Man, I gotta stop eating the spicy pizza before napping.
Best ESPN Pre-Game Show Ever!
Dorm Guard, Dorm B-8
On this day in 1979, I cut my Mother's apron strings and gave over my life to TSgt Cross, USAF. I'd never even been out of state by myself, but now I was thrown in with guys from all over the country in a Basic Training Flight to teach us how to become good little cogs in the Big Blue Machine of the US Air Force.
My first two days were a disaster. After we got haircuts and received our uniforms, boots, underwear, other accessories, and some fundamentals of marching, we were marched off to the chow hall. At this time I discovered I was having a little intestinal trouble and needed to find a latrine fast. The TIs in the "Snake Pit" were amused by my formal request to go to the latrine. Marching quickly back to our barracks (or Dorm, as we called it), I was dismayed to learn that our flight's roster hadn't been posted on the entry list, so the dorm guard (from another flight) refused to allow me access! After some fruitless pleading, I clenched my sphincter and quicktimed it toward the orderly room. To make an unpleasant story short, I didn't quite make it. I ended up discarding my brand new tighty whities and running some water over the new trousers, but without soap, I didn't do a thorough job...especially since I was rushing so no one walked in while I was standing there without pants on. As I came out, a TI barked at me, but quickly warmed to my tale of the mix-up at my Dorm. I was still a tad stinky as the flight learned our bed-making skills that afternoon; I had trouble making eye contact with Airman Basic Vernado, who was paired with me for the training. I wanted to die.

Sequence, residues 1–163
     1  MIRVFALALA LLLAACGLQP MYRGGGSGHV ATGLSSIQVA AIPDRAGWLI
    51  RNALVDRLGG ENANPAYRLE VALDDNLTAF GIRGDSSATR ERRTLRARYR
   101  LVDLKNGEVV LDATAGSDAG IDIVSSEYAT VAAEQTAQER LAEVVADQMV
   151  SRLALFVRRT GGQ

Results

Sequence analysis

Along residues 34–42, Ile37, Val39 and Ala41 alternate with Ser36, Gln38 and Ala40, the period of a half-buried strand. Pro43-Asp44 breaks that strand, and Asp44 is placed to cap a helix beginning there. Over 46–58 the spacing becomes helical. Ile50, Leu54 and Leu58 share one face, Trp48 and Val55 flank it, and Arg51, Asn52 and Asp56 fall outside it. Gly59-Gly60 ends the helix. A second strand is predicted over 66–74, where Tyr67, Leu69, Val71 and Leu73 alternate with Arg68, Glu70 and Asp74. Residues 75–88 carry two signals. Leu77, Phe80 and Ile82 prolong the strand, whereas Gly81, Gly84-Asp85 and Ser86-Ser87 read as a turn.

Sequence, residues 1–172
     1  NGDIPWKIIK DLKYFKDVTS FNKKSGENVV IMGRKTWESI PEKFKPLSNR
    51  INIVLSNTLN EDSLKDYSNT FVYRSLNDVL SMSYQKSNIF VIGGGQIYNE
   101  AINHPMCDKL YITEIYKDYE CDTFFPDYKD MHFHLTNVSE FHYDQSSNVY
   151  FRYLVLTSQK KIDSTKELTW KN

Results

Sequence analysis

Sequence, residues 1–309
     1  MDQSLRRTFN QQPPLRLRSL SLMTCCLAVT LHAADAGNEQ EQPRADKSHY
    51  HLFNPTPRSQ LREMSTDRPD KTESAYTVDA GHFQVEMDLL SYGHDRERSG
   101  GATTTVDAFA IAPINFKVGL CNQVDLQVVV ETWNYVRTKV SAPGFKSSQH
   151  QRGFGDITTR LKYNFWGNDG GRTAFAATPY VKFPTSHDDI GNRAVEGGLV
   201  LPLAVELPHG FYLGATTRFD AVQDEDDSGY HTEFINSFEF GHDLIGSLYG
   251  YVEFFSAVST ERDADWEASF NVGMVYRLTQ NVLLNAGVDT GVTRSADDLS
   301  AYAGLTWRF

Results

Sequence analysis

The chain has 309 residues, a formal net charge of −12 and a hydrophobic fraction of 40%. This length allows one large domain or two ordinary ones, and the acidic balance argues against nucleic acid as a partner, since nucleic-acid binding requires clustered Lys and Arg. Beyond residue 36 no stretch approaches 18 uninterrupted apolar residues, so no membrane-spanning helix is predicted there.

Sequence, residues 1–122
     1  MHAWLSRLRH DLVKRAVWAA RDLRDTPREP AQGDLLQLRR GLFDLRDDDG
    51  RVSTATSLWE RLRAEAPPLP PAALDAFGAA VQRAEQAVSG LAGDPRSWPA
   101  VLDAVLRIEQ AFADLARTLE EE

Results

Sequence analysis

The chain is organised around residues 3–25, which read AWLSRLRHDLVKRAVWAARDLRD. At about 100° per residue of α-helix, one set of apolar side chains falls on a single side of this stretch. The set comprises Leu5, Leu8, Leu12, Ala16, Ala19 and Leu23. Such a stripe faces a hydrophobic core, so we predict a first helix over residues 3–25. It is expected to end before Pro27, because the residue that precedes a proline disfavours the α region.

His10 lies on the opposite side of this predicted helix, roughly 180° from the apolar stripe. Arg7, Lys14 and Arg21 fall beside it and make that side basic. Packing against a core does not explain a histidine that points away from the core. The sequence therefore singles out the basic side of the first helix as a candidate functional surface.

After we learned to make a tight bed with hospital corners, we were assigned bunks. Since mine ended up on the end of the row, I was designated as one of the four squad leaders! That didn't last long...in the early days of marching practice that followed, I was weeded out. When marching, the squads are organized by height, except for the squad leader. The big lanky guys behind were literally stepping all over little 5'6" Airman Basic Blob. TSgt Cross solved the problem by making me a road guard. That was a lot more fun than being squad leader, since shy young AB Blob was not a natural leader.